Hospices Develop Nurse Residences to Stem Labor Pressures
A lack of hospice-specific clinical training is a significant recruitment barrier. Few nursing students receive exposure to hospice or palliative care during their education, and most do not feel prepared to provide end-of-life care to patients and families, a 2018 study found.
So some hospices have decided to offer that education themselves. This can not only better prepare new hires to work in the field, but it can also help attract prospective employees in the first place, according to Dr. Stephanie Patel, CEO of the Massachusetts-based hospice provider Care Dimensions.
“People are looking for a lot more mentorship and time to learn the field. People aren’t just going to jump right into hospice with no experience,” Patel told Hospice News. “They’re asking a lot more questions about orientation and onboarding. That is part of the reason we started our residency a few years ago.”
Our hope was that if we created this residency, we could build a pipeline of nurses who had exceptional training and could then go on and train further nurses. It would open up the opportunity, and show how rewarding it could be to be a hospice nurse and how it differs from other fields.
It’s six nurses at a time, and it’s really open to any nurse. We have a new graduate track and then a different track for those nurses that come in with experience.
Care Dimensions launched its residency using a $180,000 grant from the Cambia Health Foundation’s Sojourns Scholar Leadership Program.
The residency offers training to six nurses annually in two tracks, including one for new graduates. The second track is designed for nurses who are experienced working in other clinical settings, but are new to hospice and palliative care.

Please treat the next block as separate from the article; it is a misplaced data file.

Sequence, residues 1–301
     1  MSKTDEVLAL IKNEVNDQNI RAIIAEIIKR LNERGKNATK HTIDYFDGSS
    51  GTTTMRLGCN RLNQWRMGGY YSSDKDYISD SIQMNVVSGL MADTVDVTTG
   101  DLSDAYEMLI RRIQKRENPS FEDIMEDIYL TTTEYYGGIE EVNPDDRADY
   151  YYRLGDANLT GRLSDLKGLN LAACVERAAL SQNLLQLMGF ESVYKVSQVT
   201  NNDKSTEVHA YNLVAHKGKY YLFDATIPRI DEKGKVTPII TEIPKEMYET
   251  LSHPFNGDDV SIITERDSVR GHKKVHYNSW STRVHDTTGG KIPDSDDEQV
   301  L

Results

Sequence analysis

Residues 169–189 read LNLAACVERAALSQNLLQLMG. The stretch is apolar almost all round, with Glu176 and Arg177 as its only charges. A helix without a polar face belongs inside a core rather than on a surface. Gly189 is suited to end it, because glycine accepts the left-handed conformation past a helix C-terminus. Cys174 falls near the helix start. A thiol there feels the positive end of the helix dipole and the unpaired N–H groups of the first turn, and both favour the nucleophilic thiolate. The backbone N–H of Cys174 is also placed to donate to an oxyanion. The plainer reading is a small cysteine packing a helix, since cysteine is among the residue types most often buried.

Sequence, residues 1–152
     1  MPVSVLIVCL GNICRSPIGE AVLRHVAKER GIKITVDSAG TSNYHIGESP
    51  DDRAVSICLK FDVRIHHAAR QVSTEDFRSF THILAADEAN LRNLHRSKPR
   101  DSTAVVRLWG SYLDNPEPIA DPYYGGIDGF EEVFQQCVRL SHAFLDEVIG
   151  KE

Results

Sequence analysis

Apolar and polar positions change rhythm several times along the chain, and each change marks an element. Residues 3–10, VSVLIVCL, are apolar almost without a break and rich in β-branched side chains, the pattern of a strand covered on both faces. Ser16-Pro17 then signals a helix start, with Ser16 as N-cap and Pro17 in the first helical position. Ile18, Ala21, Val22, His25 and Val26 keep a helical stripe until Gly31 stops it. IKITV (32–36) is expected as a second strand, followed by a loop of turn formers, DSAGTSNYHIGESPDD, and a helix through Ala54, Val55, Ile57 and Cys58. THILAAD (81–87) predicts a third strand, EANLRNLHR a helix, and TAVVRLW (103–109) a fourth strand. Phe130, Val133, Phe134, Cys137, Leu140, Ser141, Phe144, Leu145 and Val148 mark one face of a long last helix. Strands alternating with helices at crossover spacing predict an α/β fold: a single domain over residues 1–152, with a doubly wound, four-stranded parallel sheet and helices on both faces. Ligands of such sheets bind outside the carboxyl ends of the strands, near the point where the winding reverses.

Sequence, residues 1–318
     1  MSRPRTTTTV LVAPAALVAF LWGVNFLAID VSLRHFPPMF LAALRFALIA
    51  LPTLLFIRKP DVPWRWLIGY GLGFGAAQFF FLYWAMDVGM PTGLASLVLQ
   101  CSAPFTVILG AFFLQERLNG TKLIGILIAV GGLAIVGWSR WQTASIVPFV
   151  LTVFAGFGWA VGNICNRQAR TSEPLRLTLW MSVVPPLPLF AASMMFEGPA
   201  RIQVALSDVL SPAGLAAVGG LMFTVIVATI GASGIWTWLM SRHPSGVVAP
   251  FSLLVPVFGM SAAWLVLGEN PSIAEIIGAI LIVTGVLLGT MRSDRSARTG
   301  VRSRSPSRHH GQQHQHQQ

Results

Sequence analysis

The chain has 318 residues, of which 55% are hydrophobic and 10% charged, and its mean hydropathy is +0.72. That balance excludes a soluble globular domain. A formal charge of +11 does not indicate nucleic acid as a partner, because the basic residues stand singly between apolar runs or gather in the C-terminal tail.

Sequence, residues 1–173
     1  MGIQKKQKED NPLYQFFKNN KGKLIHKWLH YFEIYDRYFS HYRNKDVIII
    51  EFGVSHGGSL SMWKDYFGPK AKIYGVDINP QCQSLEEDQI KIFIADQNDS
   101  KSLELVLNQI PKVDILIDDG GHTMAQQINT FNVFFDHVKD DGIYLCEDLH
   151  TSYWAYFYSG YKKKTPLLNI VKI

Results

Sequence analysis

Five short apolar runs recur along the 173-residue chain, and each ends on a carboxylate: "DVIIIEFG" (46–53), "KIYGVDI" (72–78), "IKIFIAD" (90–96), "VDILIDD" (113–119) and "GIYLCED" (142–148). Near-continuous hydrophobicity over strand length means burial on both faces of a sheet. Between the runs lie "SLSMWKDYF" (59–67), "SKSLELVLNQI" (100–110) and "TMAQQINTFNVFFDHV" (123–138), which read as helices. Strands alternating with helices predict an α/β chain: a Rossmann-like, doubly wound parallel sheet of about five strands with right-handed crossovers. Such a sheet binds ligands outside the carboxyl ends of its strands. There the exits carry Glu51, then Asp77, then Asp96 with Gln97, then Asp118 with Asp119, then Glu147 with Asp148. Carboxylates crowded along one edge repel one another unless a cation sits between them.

Most nurses train in hospitals, and some can be reluctant to move into hospice. This is often due in part to misconceptions about the service and what it entails, according to Patel.
“Our hope was that if we created this residency, we could build a pipeline of nurses who had exceptional training and could then go on and train further nurses,” Patel said. “It would open up the opportunity, and show how rewarding it could be to be a hospice nurse and how it differs from other fields.”
Care Dimensions is not alone in adopting this approach.
New York City-based Calvary Hospital also offers a nurse residency. Calvary is the only acute care hospital in the United States that is primarily focused on hospice and palliative care.
The program includes didactic instruction designed to culminate with participating nurses receiving certification in palliative care and hospice, as well as a preceptorship component that takes place in both the inpatient setting and patient homes.
Calvary also used a communication platform to observe nurse residents during home visits and provide feedback.
“It’s highly competitive for attracting those nurses to work in different hospice organizations,” Dr. Christopher Comfort, chief operating officer for Calvary, told Hospice News. “So our idea was to begin the process that would allow us to hire nurses that may have been involved in the field for a long period of time, but also allowed us to attract nurses who were new graduates and those who had worked in different areas that were now interested in hospice and palliative care.”
A similar residency exists at UnityPoint Health, an integrated health system with sites in Iowa, Illinois, and Wisconsin. The nonprofit offers hospice and other community-based services through its UnityPoint at Home segment, which serves both metropolitan and rural communities.
UnityPoint’s program is accredited by the American Nurses Credentialing Center. The residency focuses on helping newly licensed nurses transition into the workforce in addition to setting-specific clinical training in hospice and home health care, according to Katrina Agnew, vice president of hospice for UnityPoint Health.
“We’ve been really successful with recruiting nurses to our program,” Agnew told Hospice News. “I’ve witnessed a couple that have matriculated from being in the nursing residency program to RN case manager or a clinical supervisor, a really positive career track for them.”
(The story originally appeared in Hospice News.)